Interview with Vladimir Pekić

If you enjoyed the previous interviews with the employees of the National Theater in Nis, then you will be happy to read about what the costume creating process looks like and what it takes for a play to see the light of day. We present you an interview with the tailor of the National Theater in Nis, Vladimir Pekić.


Photo: Dusan Ivanović


A tailor from a young age, or has the desire for this job developed over time?

I believe that everyone’s life is determined by birth, and so is their occupation.

My first encounter with some kind of tailoring and material shaping was back in the early school years. I remember that my art classes were my favorite, and as a kind of art work, a collage of fabrics. Like any child, I had a lot of different ideas about what I would like to be when I grow up, but I think that fabrics still remain as something that is destined for me.

My definite commitment to this type of work is that I was more and more interested in making old folk costumes that fascinated me with their beauty and the way they were made. It was very difficult at that time to find out how folk costumes were made. There was not much literature, nor the Internet as nowadays. Back in elementary school, in addition to my obligations at school, I started helping in the tailoring workshop with my aunt, where I gained some more knowledge, and the secrets of the tailoring craft slowly began to open up to me.

The time has come for further education. My love for tailoring and designing was to continue art school enrollment. Unfortunately, my parents didn’t understand my decision. Back then we had to look at what work will follow after school, and this wasn’t some occupation. That was frivolous for them at that time. But I didn’t give up in my intention to learn the craft of tailoring. The folklore section is also responsible for my further development in this business. In addition to recreation and travel, I learned a lot about costumes and different styles, which may have contributed to the fact that I prefer a costume from a historical period.

It’s interesting that everything slowly falls into place when there is a great desire and love for something. I was unfamiliar with how to prepare the thread and the production process of folk vests. I learned to this in a very strange way. I was serving the army in Skopje and while walking around the city I saw a costume shop, came in and started asking questions, how this, how that. I guess that craftsman was also interested because someone was asking questions about something that is dying out, and so little by little he explained to me everything I needed to know. After this experience, I was able to deal more thoroughly and with better quality in making folk costumes, which is still a great love in my work.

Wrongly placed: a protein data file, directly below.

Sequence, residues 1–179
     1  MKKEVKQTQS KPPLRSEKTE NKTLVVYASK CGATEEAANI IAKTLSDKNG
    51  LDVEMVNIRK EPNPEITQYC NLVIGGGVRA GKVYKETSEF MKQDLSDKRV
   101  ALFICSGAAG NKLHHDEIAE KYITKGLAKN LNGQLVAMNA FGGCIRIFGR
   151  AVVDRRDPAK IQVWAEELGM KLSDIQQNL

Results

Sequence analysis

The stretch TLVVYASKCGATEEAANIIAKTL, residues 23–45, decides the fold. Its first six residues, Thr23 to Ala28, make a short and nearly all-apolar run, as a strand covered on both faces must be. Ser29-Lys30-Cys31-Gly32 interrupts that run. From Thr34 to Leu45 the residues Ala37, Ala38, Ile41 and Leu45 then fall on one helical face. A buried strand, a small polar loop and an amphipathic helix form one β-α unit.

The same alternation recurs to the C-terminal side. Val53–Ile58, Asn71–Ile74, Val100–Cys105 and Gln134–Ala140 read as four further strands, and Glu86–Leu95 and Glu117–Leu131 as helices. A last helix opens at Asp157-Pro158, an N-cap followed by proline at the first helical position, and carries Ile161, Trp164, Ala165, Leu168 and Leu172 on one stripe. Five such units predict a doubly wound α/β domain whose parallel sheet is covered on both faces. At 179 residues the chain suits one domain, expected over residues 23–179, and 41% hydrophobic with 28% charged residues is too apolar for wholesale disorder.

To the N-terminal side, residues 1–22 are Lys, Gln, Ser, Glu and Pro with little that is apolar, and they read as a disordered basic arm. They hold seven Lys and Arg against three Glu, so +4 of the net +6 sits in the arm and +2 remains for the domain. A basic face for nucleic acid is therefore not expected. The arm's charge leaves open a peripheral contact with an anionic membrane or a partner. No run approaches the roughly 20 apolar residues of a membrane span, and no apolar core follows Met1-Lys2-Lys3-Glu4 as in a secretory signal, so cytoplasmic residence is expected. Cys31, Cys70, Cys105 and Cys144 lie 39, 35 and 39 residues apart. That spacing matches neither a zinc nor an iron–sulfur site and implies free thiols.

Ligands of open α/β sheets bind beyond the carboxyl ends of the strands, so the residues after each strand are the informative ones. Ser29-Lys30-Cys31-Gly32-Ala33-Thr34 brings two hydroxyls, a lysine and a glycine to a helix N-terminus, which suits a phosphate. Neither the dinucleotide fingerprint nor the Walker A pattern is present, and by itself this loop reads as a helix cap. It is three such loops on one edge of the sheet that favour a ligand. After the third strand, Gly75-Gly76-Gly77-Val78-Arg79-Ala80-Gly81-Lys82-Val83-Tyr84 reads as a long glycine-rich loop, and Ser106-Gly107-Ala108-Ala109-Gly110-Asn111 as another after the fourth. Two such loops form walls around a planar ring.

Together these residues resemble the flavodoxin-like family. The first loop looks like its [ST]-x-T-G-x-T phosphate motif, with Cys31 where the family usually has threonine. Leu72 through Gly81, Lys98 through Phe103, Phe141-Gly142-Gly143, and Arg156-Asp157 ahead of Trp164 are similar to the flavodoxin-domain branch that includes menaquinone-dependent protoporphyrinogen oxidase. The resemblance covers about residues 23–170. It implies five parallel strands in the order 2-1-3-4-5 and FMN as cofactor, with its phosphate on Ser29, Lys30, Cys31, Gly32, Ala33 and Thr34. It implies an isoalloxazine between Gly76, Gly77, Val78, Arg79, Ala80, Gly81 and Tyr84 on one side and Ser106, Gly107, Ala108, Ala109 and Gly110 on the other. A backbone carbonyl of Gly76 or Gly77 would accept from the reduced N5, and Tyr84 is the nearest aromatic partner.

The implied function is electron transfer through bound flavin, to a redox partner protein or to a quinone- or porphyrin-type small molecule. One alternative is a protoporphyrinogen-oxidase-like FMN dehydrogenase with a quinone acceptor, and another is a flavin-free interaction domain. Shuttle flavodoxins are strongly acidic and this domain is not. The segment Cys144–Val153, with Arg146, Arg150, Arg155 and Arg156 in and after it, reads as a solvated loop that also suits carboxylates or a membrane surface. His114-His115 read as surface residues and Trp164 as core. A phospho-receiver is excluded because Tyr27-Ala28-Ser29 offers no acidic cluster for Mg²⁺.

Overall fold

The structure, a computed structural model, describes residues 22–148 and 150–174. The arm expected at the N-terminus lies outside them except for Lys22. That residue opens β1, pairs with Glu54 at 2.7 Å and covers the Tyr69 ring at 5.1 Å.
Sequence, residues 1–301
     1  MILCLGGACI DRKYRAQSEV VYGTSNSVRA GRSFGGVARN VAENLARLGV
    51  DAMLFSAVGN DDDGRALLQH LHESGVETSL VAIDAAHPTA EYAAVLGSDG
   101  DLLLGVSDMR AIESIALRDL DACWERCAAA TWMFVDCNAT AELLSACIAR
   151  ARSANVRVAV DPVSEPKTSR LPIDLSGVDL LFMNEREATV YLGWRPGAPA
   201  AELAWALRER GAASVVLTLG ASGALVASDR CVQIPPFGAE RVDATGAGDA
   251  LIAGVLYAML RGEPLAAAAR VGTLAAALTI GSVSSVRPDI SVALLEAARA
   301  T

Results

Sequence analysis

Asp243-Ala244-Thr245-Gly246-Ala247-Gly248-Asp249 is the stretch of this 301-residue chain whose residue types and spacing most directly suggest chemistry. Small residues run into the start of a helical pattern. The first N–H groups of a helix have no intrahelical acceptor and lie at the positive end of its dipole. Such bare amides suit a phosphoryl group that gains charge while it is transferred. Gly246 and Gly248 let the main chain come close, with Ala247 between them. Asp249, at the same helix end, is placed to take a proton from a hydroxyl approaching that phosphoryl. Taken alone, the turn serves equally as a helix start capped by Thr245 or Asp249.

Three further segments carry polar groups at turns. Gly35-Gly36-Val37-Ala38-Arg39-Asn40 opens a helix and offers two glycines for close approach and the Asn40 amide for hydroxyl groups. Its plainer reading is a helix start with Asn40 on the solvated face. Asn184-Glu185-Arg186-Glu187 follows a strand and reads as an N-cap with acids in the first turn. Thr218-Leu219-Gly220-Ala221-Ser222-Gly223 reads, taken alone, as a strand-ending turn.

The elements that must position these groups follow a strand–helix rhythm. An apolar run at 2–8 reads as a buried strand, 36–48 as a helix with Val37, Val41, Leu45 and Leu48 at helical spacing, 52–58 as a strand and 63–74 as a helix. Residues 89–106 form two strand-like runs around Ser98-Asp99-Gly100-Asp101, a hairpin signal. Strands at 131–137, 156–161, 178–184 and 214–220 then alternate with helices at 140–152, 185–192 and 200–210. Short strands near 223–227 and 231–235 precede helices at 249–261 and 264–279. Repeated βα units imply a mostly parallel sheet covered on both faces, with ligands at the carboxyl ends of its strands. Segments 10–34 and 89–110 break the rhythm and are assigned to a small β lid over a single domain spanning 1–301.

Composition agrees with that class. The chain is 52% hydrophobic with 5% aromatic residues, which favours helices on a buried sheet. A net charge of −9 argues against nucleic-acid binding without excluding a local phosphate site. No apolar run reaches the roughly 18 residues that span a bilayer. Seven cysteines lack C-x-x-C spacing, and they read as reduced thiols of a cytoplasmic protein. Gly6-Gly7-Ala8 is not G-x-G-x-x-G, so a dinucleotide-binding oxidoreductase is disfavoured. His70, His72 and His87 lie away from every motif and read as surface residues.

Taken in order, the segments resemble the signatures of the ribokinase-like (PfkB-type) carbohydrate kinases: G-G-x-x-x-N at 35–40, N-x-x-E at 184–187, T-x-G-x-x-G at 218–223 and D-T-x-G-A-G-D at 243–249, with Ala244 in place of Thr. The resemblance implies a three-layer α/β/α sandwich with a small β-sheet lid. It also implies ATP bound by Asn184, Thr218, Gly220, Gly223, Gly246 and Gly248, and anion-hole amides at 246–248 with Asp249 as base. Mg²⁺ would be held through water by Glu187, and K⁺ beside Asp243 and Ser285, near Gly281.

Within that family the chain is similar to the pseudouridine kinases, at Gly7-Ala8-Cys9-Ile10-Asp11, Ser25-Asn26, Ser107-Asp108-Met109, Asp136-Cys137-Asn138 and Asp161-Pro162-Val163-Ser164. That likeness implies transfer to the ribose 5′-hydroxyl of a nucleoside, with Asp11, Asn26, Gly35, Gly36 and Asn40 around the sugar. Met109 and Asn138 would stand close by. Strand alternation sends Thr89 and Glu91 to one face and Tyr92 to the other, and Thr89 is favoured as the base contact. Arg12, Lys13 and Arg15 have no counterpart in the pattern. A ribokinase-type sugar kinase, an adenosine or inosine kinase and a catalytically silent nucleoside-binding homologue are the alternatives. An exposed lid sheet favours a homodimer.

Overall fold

You started your working life at the National Theater in 2001. How would you describe those first days and the adjustment period?

My relationship with the theater, that is, with the stage, began about ten years earlier. At that time, along with my friends I played as an extra and in some roles in the shows. Those were among the most beautiful moments of my life. Even then, I had a secret wish that I would like to work in the theater, exactly in the place where I am now, not realizing that my wish will come true someday.

In 2001, unfortunately, two great masters of their craft, Master Toma and Master Velja, as everyone called them, left the theater forever in a short period of time. The theater was left without a tailor. Urged by my godfather, I entered the theater in the spot I then wanted to start at, as an assistant. Until my qualities are assessed. I remember that the first costume I worked on was for the play “Antigone”, by Student Theater, and that was my probationary period. I did well and got a job as a male tailor. There was nobody than me. In the beginning and onwards, I didn’t have any difficulties in my work, because as I have already stated, I knew all these people from before and they were all kind to me. It was a good start. The only thing that mattered to me then was to be a worthy replacement for the old masters. I had great support in the beginning, and even later, from my colleague Snezana, who unfortunately is no longer with us.

In the beginning, I was very nervous when a tailoring rehearsal should be done. I kept wondering if everything was as it should be, if I had sewn something wrong somewhere, but in the end everything would be as it should. I believ I also had actors support, because I never had problems with them. They would also give me advice. Over time, I learned who needs what, and what requirements they have, and then everything became easier.



When we talk about working in the theater, you represent the people behind the stage, in a special way. How would you describe the costume creation process, from the idea, to the premiere?

Working in a theater is very different from working in some other institution. Every sector in this house is interconnected and important and so is the tailoring workshop. Many things, apart from the costumes, depend on this workshop, such as curtains, floor mats and much more, which are physically the most difficult work, and not creative. Costume is something that presents pleasure in this line of work, and if it is also historical, then it is a total win.